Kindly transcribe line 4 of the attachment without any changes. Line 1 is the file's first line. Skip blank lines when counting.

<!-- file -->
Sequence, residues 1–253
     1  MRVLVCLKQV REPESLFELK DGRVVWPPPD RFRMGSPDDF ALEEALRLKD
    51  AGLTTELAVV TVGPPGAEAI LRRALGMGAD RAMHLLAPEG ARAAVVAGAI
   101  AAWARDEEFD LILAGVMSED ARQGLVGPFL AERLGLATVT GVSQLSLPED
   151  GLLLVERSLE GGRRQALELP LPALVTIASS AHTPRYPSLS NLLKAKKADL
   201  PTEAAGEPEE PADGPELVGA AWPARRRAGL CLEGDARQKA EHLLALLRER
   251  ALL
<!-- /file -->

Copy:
   101  AAWARDEEFD LILAGVMSED ARQGLVGPFL AERLGLATVT GVSQLSLPED